In recent times, Delhi lads have got there but not managed to cement the spot. Both Virender Sehwag and Gautam Gambhir were stand-in skippers but failed to seal the deal.
Enter Virat Kohli. A 26-year-old west Delhi lad, brash, outspoken and the partying type but possessing tremendous amounts of self-belief, as his personal coach Rajkumar Sharma says, will carry the future of India’s top sporting team in cricket’s traditional format.
For those who know him in the Capital, it was only a matter of time before the mantle fell on him. “Now begins the biggest challenge. He will have to realise that all his teammates can’t be like him. So he’ll have to give space and time to others. He’ll have to react carefully to sledging,” says Sharma.
While India's previous Test captains could bank on a lot of veterans in the dressing room, Virat Kohli takes charge of a relatively inexperienced side. (HT Photo)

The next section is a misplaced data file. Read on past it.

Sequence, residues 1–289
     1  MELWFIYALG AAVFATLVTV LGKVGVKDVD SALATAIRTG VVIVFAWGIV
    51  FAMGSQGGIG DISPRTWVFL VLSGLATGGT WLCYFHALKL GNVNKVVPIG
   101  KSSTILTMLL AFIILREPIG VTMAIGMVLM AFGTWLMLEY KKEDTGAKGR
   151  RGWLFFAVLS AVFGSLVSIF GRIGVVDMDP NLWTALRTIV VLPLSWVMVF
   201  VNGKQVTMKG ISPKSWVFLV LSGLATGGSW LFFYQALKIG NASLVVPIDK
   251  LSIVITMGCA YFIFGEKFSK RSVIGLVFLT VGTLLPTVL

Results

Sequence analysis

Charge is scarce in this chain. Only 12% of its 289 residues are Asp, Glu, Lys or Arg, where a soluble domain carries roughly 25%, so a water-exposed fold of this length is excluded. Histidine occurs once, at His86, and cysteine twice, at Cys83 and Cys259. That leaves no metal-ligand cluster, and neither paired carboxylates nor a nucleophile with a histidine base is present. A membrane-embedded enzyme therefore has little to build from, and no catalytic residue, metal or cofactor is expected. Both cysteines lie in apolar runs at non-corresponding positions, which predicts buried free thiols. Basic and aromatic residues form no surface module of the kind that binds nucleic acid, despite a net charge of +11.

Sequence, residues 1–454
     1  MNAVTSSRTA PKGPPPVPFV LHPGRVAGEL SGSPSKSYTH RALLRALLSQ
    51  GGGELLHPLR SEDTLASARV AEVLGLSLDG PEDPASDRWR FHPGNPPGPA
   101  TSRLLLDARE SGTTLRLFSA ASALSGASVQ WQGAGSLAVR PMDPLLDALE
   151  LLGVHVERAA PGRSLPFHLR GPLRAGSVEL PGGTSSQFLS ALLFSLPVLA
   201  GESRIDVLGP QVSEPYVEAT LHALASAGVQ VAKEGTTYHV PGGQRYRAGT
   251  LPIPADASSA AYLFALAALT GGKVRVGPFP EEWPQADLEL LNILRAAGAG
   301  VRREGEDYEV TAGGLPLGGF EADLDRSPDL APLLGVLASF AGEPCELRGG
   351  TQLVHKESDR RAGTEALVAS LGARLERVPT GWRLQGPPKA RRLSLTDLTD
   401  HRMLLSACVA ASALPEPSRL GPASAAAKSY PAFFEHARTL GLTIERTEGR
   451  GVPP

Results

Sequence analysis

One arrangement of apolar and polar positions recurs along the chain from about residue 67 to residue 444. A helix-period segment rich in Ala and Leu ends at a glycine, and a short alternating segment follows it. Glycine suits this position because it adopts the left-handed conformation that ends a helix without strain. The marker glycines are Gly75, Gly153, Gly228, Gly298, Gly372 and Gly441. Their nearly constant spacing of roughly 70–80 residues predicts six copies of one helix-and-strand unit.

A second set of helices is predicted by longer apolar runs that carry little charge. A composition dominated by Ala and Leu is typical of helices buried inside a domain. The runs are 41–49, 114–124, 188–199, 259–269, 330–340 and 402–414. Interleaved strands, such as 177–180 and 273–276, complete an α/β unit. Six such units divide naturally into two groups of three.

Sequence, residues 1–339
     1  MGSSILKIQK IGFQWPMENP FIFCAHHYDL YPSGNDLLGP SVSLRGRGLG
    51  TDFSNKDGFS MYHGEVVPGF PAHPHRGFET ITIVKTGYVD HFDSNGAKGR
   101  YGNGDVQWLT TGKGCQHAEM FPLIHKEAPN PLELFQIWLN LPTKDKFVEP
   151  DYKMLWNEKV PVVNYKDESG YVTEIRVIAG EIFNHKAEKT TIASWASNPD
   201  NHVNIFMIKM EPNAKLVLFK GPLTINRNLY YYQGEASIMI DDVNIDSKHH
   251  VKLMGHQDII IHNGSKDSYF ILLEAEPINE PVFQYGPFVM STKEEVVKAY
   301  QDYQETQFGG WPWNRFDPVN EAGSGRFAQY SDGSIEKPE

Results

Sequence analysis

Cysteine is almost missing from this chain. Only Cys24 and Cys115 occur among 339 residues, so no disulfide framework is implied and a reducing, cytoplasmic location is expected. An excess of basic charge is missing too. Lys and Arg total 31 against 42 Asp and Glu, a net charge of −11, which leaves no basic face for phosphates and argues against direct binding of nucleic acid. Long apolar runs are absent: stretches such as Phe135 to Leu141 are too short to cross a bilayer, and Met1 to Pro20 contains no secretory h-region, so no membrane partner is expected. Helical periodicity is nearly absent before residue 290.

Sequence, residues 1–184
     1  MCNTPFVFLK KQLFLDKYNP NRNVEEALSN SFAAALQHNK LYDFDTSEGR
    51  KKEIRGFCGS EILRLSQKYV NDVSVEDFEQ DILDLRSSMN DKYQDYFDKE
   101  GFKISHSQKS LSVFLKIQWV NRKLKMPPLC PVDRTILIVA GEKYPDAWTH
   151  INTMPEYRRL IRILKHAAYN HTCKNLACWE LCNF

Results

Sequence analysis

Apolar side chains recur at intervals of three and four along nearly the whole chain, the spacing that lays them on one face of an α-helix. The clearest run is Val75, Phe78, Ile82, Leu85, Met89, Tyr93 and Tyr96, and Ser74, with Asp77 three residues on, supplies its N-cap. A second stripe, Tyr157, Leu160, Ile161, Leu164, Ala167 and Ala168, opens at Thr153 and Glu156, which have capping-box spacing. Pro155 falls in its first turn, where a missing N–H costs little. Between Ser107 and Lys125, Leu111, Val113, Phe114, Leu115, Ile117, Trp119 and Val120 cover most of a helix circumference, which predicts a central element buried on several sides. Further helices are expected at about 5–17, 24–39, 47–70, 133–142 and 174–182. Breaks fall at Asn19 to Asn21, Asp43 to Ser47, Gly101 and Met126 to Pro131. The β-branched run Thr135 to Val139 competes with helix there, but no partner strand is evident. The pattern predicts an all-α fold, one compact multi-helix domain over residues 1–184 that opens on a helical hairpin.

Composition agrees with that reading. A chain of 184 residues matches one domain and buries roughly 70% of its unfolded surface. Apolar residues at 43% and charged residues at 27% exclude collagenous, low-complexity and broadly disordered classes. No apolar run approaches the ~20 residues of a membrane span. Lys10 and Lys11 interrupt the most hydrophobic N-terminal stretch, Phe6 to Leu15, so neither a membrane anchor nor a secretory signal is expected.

Virat, whose fighting spirit has won over many, burst into the limelight in a Ranji game in 2006-07 season when his lawyer-businessman father passed. Kohli was unbeaten overnight. With tears in his eyes and the body still at home, the then 18-year-old returned to the field and scored a fifty the next day before rushing home for the funeral.
Soon after, he led India to the U-19 World Cup win in 2008.
Nicknamed Cheeku, after a rabbit in a comic because his hair used to stand up, Virat, like most Delhi youngsters, loved to eat stuff coaches frowned upon. But with fame came responsibility, and the only things on his plate now are sushi and health foods. He loves bright colours and lively music.
His friends aren’t surprised by his aggression and competitiveness as Kohli hates losing in the PlayStation, ultra-competitive. A brief stint as Delhi skipper a few seasons ago shook up the coteries of Ferozeshah Kotla. It’s India’s turn now.
Kohli will be the first regular Test skipper from Delhi since Bishan Singh Bedi.